Kitchin, Anthony (DNB00)

KITCHIN, alias Dunstan, ANTHONY (1477–1563), bishop of Llandaff, born in 1477, was a Benedictine monk of Westminster, who studied at Gloucester Hall (now Worcester College), built originally for Benedictine novices. He graduated at Oxford B.D. in 1525 and D.D. in 1538. In 1526 he was made prior of Gloucester College (see Foxe, Acts and Mon. v. 425). In 1530 he was appointed abbot of Eynsham, Oxford, and as abbot was a signatory to the king's supremacy (1534) and to the articles of 1536. On the dissolution of the lesser monasteries he, together with eight monks, surrendered his abbacy, 4 Dec. 1539, receiving a pension of 133l. 6s. 8d., with the promise of a benefice and cure. He was also appointed king's chaplain, and in 1545 bishop of Llandaff. The oath he took on his confirmation contains the fullest possible renunciation of the papal supremacy (Strype, Cranmer, p. 187). He clung to his bishopric through all changes, and wastefully reduced it from one of the wealthiest to one of the poorest sees. He did homage to Mary at her coronation, displayed zeal enough to burn a martyr (Foxe, vi. 646), and was one of the commissioners who sat on Hooper. At the accession of Elizabeth he again complied, being the only papist bishop who took the oath of supremacy, although he had dissented in the House of Lords from all the acts of restitution and reformation. He was included by Elizabeth in the two commissions which she drew for the consecration of Parker, but owing perhaps to pressure from Bonner he certainly did not act. No Marian bishop consequently took part in the ceremony, a fact which gave rise to the great controversy as to the validity of English ordinations. It was in connection with this controversy that the Nag's Head story was invented. According to the later form of this fable, Kitchin was present at the dinner at the Nag's Head tavern on the day of the confirmation of Parker, 9 Dec. 1559, and was in vain importuned by Scory and the rest to consecrate him and other bishops-elect. Kitchin died 31 Oct. 1563, and was buried in the parish church of Matherne, Monmouthshire.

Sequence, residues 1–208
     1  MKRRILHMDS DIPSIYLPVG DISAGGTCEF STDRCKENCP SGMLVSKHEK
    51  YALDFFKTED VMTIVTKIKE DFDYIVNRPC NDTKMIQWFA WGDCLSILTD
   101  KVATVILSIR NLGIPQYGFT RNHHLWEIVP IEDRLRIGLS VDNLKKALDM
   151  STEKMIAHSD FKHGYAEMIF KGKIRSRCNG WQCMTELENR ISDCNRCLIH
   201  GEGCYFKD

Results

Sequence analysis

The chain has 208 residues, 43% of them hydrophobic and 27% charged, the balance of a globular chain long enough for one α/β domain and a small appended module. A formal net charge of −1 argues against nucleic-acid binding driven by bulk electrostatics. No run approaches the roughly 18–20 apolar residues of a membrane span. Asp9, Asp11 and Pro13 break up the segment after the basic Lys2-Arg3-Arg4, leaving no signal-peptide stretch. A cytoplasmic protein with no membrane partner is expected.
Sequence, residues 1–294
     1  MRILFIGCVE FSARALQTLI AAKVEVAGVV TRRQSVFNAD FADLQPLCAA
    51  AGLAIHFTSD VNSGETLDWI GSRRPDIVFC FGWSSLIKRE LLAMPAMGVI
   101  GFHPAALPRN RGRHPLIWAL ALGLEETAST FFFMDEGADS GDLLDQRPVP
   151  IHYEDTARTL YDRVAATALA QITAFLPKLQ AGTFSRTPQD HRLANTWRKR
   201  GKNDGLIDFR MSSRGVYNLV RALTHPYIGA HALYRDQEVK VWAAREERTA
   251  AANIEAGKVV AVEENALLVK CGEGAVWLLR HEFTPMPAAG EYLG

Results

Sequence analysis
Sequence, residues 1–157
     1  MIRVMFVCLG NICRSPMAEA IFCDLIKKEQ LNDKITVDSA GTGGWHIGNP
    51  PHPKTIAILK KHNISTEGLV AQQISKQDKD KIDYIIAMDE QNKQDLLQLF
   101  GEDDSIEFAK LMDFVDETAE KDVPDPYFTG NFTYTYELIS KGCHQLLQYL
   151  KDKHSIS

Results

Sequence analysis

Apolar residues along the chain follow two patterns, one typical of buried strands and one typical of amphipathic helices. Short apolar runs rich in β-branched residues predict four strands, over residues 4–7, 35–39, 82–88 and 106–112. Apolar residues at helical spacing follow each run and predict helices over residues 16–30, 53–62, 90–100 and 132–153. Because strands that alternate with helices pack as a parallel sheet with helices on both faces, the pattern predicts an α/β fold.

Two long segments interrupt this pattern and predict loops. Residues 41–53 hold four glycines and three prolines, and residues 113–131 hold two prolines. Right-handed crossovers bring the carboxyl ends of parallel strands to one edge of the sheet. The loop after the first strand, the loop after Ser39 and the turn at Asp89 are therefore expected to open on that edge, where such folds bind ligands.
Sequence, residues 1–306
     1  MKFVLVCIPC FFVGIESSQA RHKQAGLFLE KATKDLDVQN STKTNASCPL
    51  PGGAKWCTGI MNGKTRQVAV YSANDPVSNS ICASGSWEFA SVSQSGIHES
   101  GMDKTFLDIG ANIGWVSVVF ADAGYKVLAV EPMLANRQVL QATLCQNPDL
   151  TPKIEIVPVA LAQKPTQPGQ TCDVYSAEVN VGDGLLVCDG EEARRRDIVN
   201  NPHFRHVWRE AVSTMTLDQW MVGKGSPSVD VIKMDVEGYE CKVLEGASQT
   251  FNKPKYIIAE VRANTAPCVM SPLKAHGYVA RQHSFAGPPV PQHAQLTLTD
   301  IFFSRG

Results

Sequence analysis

His name appears as Dunstan up to the time of his election as bishop; after that event as Kitchin.

[Strype's Cranmer, Annals, Memorials, and Parker; Foxe's Acts and Mon. loc. cit.; Oxford Registers; Dugdale's Mon. Anglic. vol. iii.; State Papers, Dom. 1559, p. 143, ibid. Hen. VIII, iv. 1762; Godwin, De Præsulibus Angliæ (makes Kitchin Cantabr. Acad. Alumnus); Wood's Ath. Oxon.; Le Neve; Burnet; Fuller; Lansdowne MS. 981, fol. 15; Cotton. MSS. Vit. cx. 92–100.]

W. A. S.